Human Aftertaste

send cds for review to: little village, po box 736, iowa city, ia 52244 have to go DiY top to bottom. In the case of Imperfekt, I can’t argue with the results. The beats are in the laid back, raw, breakbeat style pioneered by A Tribe Called Quest and DJ Premier, a style which has fallen out of favor with the mainstream beat-makers. But

must not know who you’re brunchin’ with,” from the song “Hunger.” “Home” stands out both for Afro Jesus’ memorable chorus and samples of news reports about the flood of 2008. As a former Cedar Rapidian, I can’t say I remember living there with much affection,

As a former Cedar Rapidian, I can’t say I remember living there with much affection, but Imperfekt makes me feel his love for the place.


Tunes For Improvement

Imperfekt is a hip-hop MC that produces his own beats. Though locally there are several examples—Rahlan Kay and Coolzey come to mind—it isn’t a common thing. MCs and producers tend to specialize, but in the decidedly un-hip-hop environment of Iowa, perhaps these guys feel like they’re on their own and

Imperfekt doesn’t have any trouble finding some new twists within a well-worn tradition. There isn’t much variation in rhythm from track to track, but the samples provide enough differences in mood and texture to keep things interesting. The CD includes instrumentals for every track, which, minus the vocals, feels like a second album. Imperfekt’s vocal style shows years of practice paying off. He never stumbles out of the groove or tries to force an awkward line to fit. The album contains some gems like “food for thought authors grab your pot holders and oven mitts / smooth as butter is you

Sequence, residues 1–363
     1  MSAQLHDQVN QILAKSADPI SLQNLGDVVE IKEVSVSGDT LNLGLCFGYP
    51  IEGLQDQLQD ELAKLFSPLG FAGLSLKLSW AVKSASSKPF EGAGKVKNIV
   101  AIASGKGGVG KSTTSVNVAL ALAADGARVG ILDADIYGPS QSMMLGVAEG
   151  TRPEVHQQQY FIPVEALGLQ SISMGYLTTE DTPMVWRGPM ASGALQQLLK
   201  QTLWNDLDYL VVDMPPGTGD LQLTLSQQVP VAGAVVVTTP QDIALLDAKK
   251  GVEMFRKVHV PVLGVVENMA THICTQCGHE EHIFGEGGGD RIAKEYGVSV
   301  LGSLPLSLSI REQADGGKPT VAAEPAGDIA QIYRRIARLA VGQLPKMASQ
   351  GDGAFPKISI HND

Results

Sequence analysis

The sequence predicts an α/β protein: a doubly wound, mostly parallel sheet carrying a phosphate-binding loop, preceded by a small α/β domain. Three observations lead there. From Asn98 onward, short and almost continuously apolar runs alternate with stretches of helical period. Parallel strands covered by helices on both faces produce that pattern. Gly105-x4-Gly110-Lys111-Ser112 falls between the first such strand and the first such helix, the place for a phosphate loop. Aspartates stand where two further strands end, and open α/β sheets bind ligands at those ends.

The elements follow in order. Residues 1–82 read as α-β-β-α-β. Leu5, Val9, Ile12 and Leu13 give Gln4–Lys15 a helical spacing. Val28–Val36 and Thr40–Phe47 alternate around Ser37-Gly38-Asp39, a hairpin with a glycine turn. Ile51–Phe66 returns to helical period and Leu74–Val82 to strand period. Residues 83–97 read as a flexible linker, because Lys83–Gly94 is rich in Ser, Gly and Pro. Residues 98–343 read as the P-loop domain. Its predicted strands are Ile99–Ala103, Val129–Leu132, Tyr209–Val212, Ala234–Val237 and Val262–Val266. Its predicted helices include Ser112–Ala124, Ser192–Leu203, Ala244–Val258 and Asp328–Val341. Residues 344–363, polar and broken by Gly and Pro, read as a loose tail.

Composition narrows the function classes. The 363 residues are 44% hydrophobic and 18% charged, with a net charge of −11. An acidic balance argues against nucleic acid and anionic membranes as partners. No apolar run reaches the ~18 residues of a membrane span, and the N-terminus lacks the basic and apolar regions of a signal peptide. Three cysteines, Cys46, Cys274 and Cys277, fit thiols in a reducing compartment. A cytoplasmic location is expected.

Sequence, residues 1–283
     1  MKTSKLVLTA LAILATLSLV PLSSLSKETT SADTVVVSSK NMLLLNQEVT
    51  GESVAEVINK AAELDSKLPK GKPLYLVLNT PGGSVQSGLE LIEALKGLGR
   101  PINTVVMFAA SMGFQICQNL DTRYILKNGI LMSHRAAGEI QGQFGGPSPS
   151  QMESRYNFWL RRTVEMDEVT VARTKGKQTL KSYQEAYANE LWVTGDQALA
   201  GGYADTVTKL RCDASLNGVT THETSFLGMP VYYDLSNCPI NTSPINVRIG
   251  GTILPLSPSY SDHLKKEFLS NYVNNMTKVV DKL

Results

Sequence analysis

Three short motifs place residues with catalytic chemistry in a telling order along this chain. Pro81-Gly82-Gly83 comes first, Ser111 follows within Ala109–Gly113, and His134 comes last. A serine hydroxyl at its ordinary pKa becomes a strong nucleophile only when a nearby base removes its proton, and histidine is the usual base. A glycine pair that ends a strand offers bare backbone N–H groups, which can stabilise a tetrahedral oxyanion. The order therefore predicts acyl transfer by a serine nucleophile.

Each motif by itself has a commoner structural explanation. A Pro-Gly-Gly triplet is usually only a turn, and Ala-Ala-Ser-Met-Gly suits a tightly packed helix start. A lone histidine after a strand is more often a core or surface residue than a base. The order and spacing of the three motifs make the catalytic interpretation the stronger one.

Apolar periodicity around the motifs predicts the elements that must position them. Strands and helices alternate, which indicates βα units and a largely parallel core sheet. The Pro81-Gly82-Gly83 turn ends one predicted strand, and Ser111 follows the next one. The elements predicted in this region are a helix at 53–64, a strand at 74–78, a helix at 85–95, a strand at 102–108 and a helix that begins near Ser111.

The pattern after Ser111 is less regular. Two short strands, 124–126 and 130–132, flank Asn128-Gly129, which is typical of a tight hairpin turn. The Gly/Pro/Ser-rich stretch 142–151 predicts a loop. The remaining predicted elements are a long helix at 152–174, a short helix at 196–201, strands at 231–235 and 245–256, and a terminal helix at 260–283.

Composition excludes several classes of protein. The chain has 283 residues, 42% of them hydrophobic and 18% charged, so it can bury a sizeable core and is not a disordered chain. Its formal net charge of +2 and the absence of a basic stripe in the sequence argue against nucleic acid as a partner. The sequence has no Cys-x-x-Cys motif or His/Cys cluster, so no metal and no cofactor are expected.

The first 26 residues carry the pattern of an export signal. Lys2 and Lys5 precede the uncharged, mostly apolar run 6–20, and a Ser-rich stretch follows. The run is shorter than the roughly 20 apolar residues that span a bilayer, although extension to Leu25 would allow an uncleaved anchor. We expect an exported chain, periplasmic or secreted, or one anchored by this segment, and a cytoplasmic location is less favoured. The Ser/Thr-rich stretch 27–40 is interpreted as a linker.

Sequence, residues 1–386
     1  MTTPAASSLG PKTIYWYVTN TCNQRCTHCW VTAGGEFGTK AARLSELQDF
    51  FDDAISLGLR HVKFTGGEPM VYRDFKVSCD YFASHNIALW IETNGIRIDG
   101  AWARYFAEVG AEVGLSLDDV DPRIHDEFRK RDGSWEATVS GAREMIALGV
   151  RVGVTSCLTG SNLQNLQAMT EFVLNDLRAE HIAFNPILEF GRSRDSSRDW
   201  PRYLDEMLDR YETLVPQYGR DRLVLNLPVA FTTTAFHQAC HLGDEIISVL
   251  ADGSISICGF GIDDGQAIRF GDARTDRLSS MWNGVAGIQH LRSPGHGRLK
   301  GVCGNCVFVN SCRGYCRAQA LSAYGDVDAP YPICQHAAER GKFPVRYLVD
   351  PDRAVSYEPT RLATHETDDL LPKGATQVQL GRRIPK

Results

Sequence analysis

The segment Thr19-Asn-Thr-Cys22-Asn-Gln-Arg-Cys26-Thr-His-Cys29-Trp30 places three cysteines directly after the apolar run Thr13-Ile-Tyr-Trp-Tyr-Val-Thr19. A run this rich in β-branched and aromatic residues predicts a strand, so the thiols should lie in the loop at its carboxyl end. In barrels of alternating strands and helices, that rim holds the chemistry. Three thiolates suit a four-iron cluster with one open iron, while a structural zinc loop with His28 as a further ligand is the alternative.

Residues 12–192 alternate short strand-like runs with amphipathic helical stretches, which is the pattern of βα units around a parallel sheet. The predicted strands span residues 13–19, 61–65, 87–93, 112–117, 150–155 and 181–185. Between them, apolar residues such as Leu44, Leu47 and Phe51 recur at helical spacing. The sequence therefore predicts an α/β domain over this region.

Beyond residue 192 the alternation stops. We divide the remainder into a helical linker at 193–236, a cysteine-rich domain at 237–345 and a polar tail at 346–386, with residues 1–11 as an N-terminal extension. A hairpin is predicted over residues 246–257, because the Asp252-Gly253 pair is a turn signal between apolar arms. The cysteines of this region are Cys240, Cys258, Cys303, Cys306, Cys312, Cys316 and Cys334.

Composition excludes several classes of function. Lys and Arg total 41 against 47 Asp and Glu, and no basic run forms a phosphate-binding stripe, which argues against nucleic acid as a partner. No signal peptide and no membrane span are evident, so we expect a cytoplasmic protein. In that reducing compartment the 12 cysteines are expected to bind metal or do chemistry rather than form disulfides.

but Imperfekt makes me feel his love for the place. He’s a blue-collar, plain-speaking MC. His rhymes aren’t flashy or fashionably deranged, but they complement and mesh with the strong, musical beats. It’s a sum-is-greaterthan-the-parts thing. And he doesn’t waste any energy on hip hop’s cliche boasts—something that stopped feeling fresh 30 years ago. Calling himself ‘Imperfekt’ is an act of humility in a world of braggarts, but this is a CD he can be proud of. Kent Williams came to Iowa in 1970 on a three-hour tour and has been shipwrecked here ever since.

March 2012 | Little Village


The Straight Dope

Cecil Adams